review with respect to the pertinent judgment or claim is pending shall not be counted
toward [the one-year statute of limitations].” 28 U.S.C. § 2244(d)(2).
Under the stay and abeyance procedure approved by the Supreme Court in
Rhines v. Weber, 544 U.S. 269, 125 S. Ct. 1528, 161 L.Ed.2d 440 (2005), the district court
may stay the federal habeas proceedings and hold the petition in abeyance while the
petitioner exhausts his remedies in state court. This preserves the petitioner’s ability to
seek habeas relief but affords the state courts the first opportunity to remedy any
constitutional errors in the petitioner’s conviction. But because the stay and abeyance
procedure would undermine the finality and expediency that Congress sought when it
passed the Antiterrorism and Effective Death Penalty Act, “stay and abeyance should be
available only in limited circumstances.” Rhines, 544 U.S. at 277. “[S]tay and abeyance is
only appropriate when the district court determines there was good cause for the
petitioner’s failure to exhaust his claims first in state court.” Id. Moreover, the claims
must be plausibly meritorious. Id.
There is no federal constitutional right to the effective assistance of counsel in a
discretionary appeal such as Hopgood’s petition for review to the Wisconsin Supreme
Court. The constitutional right to counsel is guaranteed to a defendant only for trial and
for the first appeal as of right. Ross v. Moffitt, 417 U.S. 600, 610-12 (1974). The Wisconsin
Supreme Court has recognized a criminal defendant’s right to counsel, including for the
filing of a petition for review as a matter of statutory as opposed to constitutional law. See
State v. Mosley, 102 Wis. 2d 636, 662-68, 307 N.W.2d 200, 215-17 (1981) (discussing
Moffitt, 417 U.S. 600). “A claim of ineffective assistance of postconviction counsel should
be raised in the trial court either by a petition for habeas corpus or a motion under
§ 974.06.” State ex rel. Rothering v. McCaughtry, 205 Wis. 2d 675, 681, 556 N.W.2d 136
However, Hopgood may be able to use ineffective assistance of appellate counsel
to avoid procedural default. Generally, before turning to a federal court for relief by
way of a petition for a writ of habeas corpus under 28 U.S.C. § 2254 a person convicted
in state court must first exhaust the remedies available to him in state court. 28 U.S.C.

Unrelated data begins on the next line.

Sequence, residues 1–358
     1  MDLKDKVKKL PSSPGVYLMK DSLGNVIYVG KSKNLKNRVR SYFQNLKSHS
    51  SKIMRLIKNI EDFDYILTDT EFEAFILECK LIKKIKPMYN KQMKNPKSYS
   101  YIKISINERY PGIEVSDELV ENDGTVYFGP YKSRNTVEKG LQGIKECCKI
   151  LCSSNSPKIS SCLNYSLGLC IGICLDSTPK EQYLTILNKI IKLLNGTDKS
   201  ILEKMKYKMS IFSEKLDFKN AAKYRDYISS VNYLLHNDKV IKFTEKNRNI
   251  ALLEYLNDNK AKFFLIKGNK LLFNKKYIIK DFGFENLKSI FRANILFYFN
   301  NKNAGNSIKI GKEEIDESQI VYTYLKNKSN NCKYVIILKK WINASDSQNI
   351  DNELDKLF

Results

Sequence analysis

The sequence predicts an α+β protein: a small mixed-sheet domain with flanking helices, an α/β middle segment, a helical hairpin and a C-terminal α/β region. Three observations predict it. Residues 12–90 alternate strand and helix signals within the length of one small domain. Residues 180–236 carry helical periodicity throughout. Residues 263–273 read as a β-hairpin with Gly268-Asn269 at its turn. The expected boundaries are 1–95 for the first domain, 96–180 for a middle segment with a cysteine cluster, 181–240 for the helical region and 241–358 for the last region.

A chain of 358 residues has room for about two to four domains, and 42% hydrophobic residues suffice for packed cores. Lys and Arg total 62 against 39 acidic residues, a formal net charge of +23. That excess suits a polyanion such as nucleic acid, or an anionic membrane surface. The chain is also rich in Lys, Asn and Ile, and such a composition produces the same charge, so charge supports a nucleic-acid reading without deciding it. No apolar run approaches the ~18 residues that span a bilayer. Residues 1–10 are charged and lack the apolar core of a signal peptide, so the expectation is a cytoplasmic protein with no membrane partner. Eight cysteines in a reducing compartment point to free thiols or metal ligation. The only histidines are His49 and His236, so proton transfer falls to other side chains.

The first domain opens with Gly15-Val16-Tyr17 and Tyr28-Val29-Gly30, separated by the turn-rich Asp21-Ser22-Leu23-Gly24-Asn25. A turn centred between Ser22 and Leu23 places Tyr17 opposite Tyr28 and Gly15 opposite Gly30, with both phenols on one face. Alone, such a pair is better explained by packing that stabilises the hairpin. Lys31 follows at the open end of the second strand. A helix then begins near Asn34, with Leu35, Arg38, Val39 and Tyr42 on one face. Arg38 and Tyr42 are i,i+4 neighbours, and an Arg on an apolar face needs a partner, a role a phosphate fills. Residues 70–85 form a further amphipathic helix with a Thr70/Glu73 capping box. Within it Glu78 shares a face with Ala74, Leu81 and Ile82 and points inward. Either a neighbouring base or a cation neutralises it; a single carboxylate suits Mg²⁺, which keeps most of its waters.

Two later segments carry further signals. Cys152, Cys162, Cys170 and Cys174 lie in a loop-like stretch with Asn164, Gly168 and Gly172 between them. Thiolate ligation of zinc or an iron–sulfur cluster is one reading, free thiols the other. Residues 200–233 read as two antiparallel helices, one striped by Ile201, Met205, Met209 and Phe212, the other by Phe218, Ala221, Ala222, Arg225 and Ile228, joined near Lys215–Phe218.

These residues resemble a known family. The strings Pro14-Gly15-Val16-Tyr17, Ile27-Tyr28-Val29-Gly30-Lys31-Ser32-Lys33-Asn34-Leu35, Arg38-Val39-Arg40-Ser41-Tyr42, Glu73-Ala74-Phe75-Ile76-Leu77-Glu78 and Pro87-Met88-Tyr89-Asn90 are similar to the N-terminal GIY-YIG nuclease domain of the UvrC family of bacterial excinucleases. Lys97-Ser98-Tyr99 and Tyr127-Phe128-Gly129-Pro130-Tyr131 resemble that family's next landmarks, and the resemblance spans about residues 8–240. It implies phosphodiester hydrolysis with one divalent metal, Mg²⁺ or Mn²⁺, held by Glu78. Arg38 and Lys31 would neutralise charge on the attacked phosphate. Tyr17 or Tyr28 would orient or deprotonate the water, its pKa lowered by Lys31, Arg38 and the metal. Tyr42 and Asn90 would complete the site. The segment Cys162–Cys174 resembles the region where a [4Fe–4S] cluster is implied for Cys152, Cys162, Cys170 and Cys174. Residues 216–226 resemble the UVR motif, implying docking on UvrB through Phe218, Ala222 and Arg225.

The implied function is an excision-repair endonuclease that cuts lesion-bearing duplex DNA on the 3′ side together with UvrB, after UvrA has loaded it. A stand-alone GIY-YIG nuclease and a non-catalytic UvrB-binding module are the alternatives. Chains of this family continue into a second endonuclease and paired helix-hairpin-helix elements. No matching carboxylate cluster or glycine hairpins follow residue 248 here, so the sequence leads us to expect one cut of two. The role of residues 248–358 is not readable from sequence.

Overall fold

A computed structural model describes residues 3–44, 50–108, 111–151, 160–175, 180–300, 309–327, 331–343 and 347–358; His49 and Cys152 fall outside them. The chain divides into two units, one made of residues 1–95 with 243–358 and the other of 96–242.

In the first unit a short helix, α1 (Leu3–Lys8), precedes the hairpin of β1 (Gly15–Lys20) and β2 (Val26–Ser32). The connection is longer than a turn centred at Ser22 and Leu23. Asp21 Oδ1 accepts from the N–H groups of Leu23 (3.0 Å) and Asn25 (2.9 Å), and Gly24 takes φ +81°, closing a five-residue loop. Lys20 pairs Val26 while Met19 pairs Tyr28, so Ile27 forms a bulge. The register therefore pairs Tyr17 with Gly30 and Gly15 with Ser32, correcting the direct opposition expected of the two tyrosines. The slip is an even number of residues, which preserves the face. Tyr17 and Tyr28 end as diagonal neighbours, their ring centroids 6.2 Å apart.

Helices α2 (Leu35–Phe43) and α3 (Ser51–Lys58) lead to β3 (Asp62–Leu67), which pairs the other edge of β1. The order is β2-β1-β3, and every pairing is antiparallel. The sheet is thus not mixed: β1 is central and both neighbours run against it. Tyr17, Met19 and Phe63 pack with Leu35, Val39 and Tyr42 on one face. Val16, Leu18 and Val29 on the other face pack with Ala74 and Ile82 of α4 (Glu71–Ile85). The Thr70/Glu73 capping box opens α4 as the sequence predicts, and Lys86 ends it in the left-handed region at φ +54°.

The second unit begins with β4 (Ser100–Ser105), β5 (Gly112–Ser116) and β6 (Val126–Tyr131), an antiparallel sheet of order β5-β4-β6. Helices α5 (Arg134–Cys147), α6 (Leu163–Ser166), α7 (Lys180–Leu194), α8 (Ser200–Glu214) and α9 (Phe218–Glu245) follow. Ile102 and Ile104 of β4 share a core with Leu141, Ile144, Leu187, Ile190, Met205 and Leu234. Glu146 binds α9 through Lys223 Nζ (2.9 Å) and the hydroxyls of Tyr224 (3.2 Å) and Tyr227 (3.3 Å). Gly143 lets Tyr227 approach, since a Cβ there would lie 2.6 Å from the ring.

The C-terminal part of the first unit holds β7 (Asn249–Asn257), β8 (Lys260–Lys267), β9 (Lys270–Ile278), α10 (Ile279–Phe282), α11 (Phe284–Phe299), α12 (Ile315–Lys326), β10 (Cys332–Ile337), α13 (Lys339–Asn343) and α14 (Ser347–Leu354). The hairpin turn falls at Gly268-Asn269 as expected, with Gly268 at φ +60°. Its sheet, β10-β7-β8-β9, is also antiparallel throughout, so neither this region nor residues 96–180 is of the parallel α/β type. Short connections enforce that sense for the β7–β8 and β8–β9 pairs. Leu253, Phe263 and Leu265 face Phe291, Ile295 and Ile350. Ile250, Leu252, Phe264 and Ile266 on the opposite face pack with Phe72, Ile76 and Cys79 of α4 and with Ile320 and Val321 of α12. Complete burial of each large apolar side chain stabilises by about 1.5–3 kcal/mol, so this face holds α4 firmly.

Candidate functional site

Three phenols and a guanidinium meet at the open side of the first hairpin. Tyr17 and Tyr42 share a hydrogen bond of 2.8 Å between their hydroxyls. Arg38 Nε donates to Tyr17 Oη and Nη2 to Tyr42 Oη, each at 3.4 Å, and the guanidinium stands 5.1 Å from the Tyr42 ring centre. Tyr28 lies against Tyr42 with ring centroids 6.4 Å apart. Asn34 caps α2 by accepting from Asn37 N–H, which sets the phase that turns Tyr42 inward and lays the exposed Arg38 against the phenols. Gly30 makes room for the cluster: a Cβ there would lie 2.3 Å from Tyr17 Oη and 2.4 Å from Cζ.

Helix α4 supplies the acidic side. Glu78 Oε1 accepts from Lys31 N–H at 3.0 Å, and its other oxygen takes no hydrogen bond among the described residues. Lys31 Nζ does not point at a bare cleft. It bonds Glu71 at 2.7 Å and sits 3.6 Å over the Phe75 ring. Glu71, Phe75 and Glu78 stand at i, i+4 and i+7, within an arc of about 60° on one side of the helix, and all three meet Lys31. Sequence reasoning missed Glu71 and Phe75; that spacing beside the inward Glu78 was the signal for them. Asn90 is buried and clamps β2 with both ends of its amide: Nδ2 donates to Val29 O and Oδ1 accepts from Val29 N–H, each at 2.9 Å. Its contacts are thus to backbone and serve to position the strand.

§ 2254(b)(1)(A),(C). To satisfy the exhaustion requirement the prisoner must fairly
present his claim in each appropriate state court, including a state supreme court with
powers of discretionary review. Baldwin v. Reese, 541 U.S. 27, 29 (2004). Where the
petitioner has pursued state remedies, and there is no longer state corrective process
available, the bar to federal habeas relief is not exhaustion but procedural default. Bolton
v. Akpore, 730 F.3d 685, 696 (7th Cir. 2013). In certain circumstances, counsel’s
ineffectiveness in failing to properly preserve a claim for review might suffice to
constitute “cause” that excuses a procedural default. Edwards v. Carpenter, 529 U.S. 446,
451 (2000) (citing Murray v. Carrier, 477 U.S. 478, 488-89 (1986)).
Hopgood explains that with the assistance of law clerks he has identified
additional potentially meritorious issues which were not raised at the trial, appellate, or
supreme court levels. He states that the basis for the delay in fully exhausting all of his
state court remedies, leading to the one-year statute of limitations likely barring refiling
a habeas petition after exhaustion, is that he has not yet received the full working files
from counsel and his access to the law library and legal assistance is limited to four
hours per week. Because timeliness, exhaustion, and procedural default are affirmative
defenses that the respondent may waive, see Wood v. Milyard, 566 U.S. 463, 474 (2012)
(addressing waiver of timeliness defense) and 28 U.S.C. § 2254(b)(3), and which
petitioners may evade under certain circumstances, see, e.g., Edwards, 529 U.S. at 451;
Schlup v. Delo, 513 U.S. 298, 314-15 (1995), at this point the court cannot establish that
Hopgood’s claims are clearly meritless. Thus, the court finds it appropriate to stay these
proceedings and hold the petition in abeyance to permit Hopgood to exhaust his state
Finally, Hopgood’s motions for an evidentiary hearing (ECF No. 4) and to
appoint counsel (ECF No. 5) are premature. Therefore, both motions will be denied
without prejudice. Hopgood is free to renew such motions later in the proceedings.
IT IS THEREFORE ORDERED that Hopgood’s motion for stay and abeyance is
granted. The proceedings are stayed and Hopgood’s petition is held in abeyance. Not
later than 28 days after the exhaustion of his state court remedies or the expiration of
time for seeking further review, Hopgood shall notify this court that the state court
proceedings are completed and that this court’s stay may be lifted. Failure to do so may
result in the court dismissing this action. The Clerk shall close this case for statistical
IT IS FURTHER ORDERED that Hopgood’s motion for an evidentiary hearing
(ECF No. 4) is denied without prejudice.
IT IS FURTHER ORDERED that Hopgood’s motion to appoint counsel (ECF
No. 5) is denied without prejudice.
Dated at Milwaukee, Wisconsin this 13th day of November, 2017.
WILLIAM E. DUFFIN
U.S. Magistrate Judge